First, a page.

How Sivers became rich is an insightful story that made an impression on me. I talk about that in this video. After watching it, I promise that you’ll get a new perspective about what it is to be rich.
Let me know your thoughts after watching this video. It’s kind of a controversial idea, and you are free to disagree with it. I was fascinated by this, but if you have a counter, I would love to hear your point of view.
What I’m Reading
Old Things New Context
I came across this old article from Snap Inc. It talks about how photography has transformed in the age of social media.
Photography isn’t about creating an art object any more. As taking photos have become ridiculously simple, it’s the communication of the experience itself. Selfies aren’t self-portraits but a sharing of experience—like a communication of where a person was, and how they felt.
It got me thinking. Like photography, other activities (such as chatting with friends, or taking notes, or reading books) aren’t what they used to be. In the new context, they have found newer meanings. Food for thought!
Work Lives Forever
Jackie Chan once said, “Whatever you do, do the best you can. Because films live forever.”
You cannot go to every person in the audience and tell them why you couldn’t give your best because it was raining, or you didn’t have time, or you had other problems. The audience doesn’t care. It’s either a good movie or a bad movie. And it’ll be so forever.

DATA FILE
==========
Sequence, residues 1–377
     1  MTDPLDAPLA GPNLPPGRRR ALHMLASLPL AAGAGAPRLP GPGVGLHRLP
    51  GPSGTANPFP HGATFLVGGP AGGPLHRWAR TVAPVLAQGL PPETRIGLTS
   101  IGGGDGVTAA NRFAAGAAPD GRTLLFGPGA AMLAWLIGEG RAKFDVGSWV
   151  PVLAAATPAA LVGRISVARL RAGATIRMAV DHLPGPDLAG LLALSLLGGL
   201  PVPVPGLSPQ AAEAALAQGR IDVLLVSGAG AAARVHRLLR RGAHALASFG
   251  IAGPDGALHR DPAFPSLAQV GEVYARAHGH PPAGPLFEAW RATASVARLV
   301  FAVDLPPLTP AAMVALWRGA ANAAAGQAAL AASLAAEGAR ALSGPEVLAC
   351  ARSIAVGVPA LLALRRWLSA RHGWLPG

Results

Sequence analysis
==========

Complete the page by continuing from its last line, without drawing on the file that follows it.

But “the best you can do” isn’t about perfection. The best you can do is to meet a high standard in a given situation. In the film Rocky, the best Rocky Balboa could do was go the distance. That’s all that is expected from us—to go the distance.
Having reasons (or excuses) does not turn a bad performance into a good one. Results are completely unaffected by rationalisation.
Cognitive Bias and Information Overload
We confuse popularity with quality, and end up copying the behaviour we observe. When we are repeatedly exposed to an idea—typically from many sources—we adopt and share it. This translates into an irresistible urge to pay attention to information that is going viral. If everybody else is talking about it, it must be important.
Free communication is not free. By decreasing the cost of information, we have decreased its value and invited its adulteration. For example, fake news!